Mary Carter was the daughter of a well-to-do sea captain and ship owner. He moved his family to Fairfield, Connecticut, from New York City, after making a good fortune for himself in the coastal shipping trade. Mary spent her early years in New York, and it is here that she married a Union Navy doctor, also from New York, during the in 1863, as the Civil War raged. They relocated to Philadelphia not long afterward where her husband Charles Carter set up a medical practice.

After vacationing several summers in Blowing Rock, North Carolina, they fell in love with the area, and relocated there in the 1870s. Now a resident, Mary became intent on improving the literacy and general education of the mountain children living around the town. She spent many days visiting with the mountain folk, convincing parents of the need to have their children in school. It was at this time that she began her writing career. As she traveled the area, she collected stories of everyday life, and life during wartimes, from the old folks she met. The area was changing quickly and the old culture was being pushed out by a wave of new residents, and Mary set about recording what she could before it was gone. In 1900, her stories were published as a book titled, “Phases of Life Where the Galax Grows.” Originally released as a three-volume set of “stories of the south,” the book is a collection of actual and fictionalized narratives she collected.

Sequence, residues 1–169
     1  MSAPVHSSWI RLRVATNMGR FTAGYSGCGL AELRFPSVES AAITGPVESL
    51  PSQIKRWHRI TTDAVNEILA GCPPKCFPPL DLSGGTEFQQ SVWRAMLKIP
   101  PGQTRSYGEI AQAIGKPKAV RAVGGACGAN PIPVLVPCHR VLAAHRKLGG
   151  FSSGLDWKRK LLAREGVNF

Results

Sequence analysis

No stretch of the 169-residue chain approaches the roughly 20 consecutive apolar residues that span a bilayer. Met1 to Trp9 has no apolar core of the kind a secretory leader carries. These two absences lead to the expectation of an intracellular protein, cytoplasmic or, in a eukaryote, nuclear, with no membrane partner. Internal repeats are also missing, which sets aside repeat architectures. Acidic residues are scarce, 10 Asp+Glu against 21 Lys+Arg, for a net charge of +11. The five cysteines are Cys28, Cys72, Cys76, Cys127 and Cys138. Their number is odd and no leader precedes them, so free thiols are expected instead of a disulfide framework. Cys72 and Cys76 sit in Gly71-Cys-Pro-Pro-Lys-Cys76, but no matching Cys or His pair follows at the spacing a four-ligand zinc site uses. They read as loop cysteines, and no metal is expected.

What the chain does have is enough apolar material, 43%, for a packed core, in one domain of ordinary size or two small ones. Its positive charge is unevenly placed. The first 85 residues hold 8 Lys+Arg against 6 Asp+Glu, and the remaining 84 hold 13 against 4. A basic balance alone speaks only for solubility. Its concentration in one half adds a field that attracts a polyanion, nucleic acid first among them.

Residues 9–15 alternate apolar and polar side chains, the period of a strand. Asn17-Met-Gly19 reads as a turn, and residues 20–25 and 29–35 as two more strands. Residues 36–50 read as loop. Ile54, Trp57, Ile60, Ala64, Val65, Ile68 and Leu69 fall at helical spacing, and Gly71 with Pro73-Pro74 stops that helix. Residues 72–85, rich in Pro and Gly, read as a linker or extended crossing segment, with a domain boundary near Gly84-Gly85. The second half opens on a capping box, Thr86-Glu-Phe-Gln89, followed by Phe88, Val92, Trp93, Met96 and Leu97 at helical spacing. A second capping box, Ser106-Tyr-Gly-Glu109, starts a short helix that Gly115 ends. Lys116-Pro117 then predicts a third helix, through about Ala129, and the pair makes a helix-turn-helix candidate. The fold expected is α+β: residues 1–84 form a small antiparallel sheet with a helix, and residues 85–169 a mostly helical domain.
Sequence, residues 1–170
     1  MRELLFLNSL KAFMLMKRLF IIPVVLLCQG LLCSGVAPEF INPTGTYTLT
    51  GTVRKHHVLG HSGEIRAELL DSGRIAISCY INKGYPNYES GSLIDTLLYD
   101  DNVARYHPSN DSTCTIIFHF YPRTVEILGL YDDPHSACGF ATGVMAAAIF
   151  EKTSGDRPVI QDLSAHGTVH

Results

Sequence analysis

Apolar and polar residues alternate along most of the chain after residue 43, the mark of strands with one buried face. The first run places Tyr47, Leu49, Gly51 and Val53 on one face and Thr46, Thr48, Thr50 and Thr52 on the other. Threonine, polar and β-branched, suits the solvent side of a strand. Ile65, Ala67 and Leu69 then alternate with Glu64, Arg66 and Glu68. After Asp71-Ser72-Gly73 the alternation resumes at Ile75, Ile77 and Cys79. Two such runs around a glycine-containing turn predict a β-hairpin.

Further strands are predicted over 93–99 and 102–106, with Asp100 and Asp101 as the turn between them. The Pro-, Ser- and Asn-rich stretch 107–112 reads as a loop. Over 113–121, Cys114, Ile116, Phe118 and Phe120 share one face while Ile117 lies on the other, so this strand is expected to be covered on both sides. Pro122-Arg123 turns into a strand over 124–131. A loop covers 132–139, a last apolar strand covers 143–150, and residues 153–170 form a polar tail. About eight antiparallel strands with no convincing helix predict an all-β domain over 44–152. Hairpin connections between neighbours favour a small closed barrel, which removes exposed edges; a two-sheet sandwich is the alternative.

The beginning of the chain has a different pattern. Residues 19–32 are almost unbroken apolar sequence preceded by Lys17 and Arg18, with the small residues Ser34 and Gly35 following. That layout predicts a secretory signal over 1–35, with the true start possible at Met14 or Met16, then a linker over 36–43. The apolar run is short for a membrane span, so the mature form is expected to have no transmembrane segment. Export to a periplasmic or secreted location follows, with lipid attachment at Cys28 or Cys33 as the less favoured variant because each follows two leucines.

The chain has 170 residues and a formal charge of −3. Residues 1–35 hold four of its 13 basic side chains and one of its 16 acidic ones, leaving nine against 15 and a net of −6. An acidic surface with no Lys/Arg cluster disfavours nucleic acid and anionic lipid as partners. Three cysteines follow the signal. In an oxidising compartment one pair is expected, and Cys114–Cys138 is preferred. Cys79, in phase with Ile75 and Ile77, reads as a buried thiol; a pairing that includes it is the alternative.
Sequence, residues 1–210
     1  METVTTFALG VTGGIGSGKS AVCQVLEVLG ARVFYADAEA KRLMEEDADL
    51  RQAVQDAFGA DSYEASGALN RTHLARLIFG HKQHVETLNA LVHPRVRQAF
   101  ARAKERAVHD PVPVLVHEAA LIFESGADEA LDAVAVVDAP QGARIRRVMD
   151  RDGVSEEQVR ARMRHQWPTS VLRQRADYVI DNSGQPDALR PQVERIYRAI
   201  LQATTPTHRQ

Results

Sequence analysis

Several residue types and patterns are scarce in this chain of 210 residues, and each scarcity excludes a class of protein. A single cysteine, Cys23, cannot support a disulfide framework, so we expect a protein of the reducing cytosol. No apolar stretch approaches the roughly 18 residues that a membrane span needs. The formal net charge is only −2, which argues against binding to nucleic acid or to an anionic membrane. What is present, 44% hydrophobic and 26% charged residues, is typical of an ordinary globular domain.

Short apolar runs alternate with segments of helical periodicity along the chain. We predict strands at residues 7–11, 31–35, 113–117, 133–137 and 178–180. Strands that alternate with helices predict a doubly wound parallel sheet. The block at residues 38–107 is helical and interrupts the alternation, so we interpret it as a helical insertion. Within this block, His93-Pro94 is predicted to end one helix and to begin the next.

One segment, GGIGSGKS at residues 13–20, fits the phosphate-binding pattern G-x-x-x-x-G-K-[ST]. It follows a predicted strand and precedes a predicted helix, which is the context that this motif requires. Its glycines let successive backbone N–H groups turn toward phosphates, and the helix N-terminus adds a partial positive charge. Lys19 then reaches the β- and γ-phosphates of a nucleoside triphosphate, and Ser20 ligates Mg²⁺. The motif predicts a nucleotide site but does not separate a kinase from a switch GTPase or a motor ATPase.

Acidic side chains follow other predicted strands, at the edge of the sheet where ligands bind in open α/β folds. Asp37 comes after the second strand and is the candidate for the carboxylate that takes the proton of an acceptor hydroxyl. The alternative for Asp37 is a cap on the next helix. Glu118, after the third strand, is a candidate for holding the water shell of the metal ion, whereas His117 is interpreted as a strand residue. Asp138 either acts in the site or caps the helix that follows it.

As part of her ongoing literacy crusade, she organized and opened the area’s very first free lending library, called appropriately the, Lend-A-Hand Library. Originally housed in a building she had put on the lawn beside her home, the library has survived and grown over time, and is the foundation of the regional library system of Boone County, North Carolina.

It is not known when she began her work on the story that was to become, “A Fox in Paris.” But, the book was unfinished at the time of her death in Blowing Rock in 1908.


Perry is the great, great, grandson of Mrs. Carter. He is a graduate of the Tisch School of the Arts, New York University, and St. Lawrence University. He has been a writer and film-maker in both creative and corporate environments ever since.

Perry conceived Infonouveau in 2011 after stumbling upon the notes for “A Fox in Paris” while looking through boxes of old papers inherited from a relative. Wanting to save the crumbling pages from inevitable destruction he set to transcribing them. It quickly became clear that there was the foundation of a timeless and valuable story in that stack of old pages, and the decision was quickly made to move beyond simply transcribing story note, to actually finishing the story. The birth of the multi-media eBook format presented the perfect opportunity to not only save this old family treasure, but re-imagine it for a new generation of readers in an entirely new way. The result is “A Fox in Paris” and Infonouveau. This is the second title from the company, and just the beginning of what’s planned.